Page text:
Columbia Gas' pipe-replacement project will affect 140 customers, but no road closures likely

Stephen Borgna
ThisWeek group
The intersection of North High Street and Dublin-Granville Road in Worthington is shown May 11. Columbia Gas of Ohio has a scheduled project to upgrade gas-line infrastructure north of the intersection that will affect approximately 140 customers in Worthington, according to company officials.

Columbia Gas of Ohio's scheduled project to upgrade gas-line infrastructure in Worthington north of the intersection of North High Street and East and West Dublin-Granville roads will affect approximately 140 customers in Worthington, according to company officials.

However, road closures are not expected, though there could be temporary lane restrictions, said city spokesperson Anne Brown.

The project, which was scheduled to begin the week of May 17, weather permitting, primarily consists of replacing existing service lines with approximately 7,400 feet of new plastic pipe and has a three- to four-month timetable for completion, weather permitting and excluding other unforeseen circumstances, according to Columbia Gas external-affairs specialist Luka Papalko.

Affected areas include High Street between (state Route 161) and North Street, North Street between Oxford and Hartford streets, a portion of Hartford Street south of North Street, East Stafford Avenue between Oxford and High streets, Oxford Street between (state Route 161) and North Street and northwest Village Green Drive, according to Worthington’s website.

“This project is a part of our larger, statewide infrastructure-replacement program where we go in and replace cast-iron, bare steel, aging (and) deteriorating pipe with new, higher-functioning, safer plastic pipe,” Papalko said.

He said crews also would upgrade the system pressure from low pressure to medium pressure.

“So not only is there further development, customers on the end of the service can support things like a natural-gas backup generator, as well as this can help push out any water or anything that’s in the line a lot better than say a low-pressure line,” Papalko said.

Other project objectives include relocating customers’ indoor gas meters to the outside of the property to enable easier access to the meter for first responders in the event of an emergency and installing excess flow valves that can stem the flow of natural gas if a service line is damaged, according to a company news release.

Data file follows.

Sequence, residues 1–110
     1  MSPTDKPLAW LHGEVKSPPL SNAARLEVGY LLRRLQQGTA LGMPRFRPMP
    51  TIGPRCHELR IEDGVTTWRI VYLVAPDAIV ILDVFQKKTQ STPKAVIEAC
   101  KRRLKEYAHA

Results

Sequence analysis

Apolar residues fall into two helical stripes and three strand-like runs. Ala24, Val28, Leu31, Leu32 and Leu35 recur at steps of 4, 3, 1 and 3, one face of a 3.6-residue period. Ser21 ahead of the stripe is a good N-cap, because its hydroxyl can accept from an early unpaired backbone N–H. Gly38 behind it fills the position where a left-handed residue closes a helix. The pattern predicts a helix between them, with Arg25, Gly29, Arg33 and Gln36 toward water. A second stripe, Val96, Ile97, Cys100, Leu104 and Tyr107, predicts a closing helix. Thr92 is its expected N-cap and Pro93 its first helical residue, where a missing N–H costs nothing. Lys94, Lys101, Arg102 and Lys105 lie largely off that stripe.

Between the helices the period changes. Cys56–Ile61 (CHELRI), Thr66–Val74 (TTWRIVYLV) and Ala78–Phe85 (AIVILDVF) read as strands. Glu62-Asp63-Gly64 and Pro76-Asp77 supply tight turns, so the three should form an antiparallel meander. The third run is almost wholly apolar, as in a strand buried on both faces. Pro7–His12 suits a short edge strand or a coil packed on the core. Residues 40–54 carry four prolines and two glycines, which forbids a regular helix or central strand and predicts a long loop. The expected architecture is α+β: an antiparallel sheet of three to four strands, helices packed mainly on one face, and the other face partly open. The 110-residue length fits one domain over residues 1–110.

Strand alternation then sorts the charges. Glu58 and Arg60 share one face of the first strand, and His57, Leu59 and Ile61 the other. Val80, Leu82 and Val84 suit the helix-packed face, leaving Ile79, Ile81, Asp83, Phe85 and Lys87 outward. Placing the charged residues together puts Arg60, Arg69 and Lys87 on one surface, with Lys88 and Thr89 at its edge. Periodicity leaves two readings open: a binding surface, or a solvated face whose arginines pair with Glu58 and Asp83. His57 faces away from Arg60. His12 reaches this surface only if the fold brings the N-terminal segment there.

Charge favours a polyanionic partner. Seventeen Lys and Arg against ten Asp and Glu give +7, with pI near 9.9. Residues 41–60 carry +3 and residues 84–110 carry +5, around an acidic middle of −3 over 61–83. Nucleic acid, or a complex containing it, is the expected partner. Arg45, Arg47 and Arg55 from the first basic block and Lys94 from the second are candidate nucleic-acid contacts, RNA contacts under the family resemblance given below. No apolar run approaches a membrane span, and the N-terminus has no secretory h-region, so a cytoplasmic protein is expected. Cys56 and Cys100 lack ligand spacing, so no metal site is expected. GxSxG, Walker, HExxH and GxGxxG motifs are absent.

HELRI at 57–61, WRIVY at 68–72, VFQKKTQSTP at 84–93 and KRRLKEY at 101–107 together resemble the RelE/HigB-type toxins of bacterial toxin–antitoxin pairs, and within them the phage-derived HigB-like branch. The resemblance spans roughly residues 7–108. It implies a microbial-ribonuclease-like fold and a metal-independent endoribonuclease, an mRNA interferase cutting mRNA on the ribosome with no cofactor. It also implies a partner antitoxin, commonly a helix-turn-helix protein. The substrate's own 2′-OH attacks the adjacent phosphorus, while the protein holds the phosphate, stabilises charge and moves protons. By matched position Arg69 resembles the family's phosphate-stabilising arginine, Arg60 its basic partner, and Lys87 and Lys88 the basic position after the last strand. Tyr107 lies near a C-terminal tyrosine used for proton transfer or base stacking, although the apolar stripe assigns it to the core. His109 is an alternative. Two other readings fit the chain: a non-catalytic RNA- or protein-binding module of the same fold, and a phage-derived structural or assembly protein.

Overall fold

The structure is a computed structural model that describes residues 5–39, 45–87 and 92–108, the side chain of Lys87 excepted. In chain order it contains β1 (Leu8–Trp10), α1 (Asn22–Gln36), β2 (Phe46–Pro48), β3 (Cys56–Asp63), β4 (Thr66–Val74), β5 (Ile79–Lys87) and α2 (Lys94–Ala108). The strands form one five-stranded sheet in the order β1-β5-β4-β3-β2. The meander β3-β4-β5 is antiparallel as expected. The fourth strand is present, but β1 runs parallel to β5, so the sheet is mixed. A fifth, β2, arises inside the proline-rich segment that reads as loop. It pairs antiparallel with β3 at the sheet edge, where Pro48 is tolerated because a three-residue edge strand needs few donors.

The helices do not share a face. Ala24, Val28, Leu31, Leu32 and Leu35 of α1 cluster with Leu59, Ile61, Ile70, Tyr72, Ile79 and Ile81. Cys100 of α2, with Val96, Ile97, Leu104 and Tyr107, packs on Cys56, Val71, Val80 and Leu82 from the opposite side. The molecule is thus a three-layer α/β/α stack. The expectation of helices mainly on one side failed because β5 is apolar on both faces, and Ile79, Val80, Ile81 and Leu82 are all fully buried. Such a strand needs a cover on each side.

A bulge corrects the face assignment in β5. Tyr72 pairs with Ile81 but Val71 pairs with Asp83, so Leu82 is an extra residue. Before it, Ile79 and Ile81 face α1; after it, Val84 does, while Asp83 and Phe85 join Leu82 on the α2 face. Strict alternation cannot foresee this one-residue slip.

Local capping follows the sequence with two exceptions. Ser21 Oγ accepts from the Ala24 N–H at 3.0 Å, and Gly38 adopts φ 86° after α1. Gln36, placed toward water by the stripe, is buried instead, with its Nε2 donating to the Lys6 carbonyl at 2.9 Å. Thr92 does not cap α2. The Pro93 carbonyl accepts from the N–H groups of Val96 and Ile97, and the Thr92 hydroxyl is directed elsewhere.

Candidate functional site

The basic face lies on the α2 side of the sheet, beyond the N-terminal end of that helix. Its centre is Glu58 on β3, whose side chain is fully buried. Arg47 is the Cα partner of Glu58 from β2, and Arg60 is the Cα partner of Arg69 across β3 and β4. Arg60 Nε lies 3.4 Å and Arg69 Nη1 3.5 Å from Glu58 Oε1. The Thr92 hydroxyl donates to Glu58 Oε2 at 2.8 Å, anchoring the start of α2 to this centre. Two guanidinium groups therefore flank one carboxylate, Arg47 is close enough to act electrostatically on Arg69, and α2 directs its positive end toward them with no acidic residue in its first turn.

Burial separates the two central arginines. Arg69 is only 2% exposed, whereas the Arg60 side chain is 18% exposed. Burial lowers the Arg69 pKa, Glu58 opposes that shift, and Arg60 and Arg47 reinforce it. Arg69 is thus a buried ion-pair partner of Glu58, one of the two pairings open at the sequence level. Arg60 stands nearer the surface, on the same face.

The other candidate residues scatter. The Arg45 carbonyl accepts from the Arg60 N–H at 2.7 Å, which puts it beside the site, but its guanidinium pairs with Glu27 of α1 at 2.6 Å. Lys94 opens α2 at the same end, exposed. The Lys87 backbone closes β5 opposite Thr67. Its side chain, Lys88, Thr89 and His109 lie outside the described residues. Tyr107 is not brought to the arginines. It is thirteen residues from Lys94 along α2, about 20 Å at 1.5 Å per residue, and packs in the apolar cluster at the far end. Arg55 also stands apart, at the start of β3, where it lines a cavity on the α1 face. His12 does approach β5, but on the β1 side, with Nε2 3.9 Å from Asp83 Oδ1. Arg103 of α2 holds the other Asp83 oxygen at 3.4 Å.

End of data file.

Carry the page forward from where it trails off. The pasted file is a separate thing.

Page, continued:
At some point during the construction period, Papalko said, crews would need to interrupt service to a customers’ property and access the property when they replace the service line that runs from Columbia Gas’ system to the home or property.

In that event, he said, workers will get in touch with the customer ahead of time to go over what’s to be expected and schedule an appropriate time to do the work.

“When that happens, it’s typically for about half a day (that service will be interrupted), and the company will coordinate any work with the customer,” Papalko said. 

According to the company news release, crews will take all necessary safety precautions when entering and working in a customer’s home.

“In light of the COVID-19 pandemic, Columbia Gas employees and contractors are taking proactive steps to keep our customers, employees and contractor partners safe,” the release said. “If crews need to enter a home or business to complete essential work, please know employees and contractors are following recommendations from the Centers for Disease Control and Prevention, including assessing their health daily, wearing a face covering in accordance with state orders, maintaining at least 6 feet of social distance during their work, using additional protective gear when needed and cleaning work surfaces.”

Customers may contact Papalko at lpapalko@nisource.com or 614-420-1376 with any questions or concerns, according to the company news release.

For more information, go to columbiagasohio.com/replacement or worthington.org

sborgna@thisweeknews.com

@ThisWeekSteve